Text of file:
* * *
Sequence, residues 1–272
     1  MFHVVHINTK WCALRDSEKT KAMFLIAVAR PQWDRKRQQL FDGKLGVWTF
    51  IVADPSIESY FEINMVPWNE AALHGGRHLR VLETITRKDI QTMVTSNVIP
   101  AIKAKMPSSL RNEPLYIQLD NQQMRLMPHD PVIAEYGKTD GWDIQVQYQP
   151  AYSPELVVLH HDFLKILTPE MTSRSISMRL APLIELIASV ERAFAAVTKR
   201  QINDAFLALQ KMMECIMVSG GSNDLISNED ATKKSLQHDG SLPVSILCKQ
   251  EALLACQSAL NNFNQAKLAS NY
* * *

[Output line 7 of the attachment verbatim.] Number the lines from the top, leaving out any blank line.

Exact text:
   251  EALLACQSAL NNFNQAKLAS NY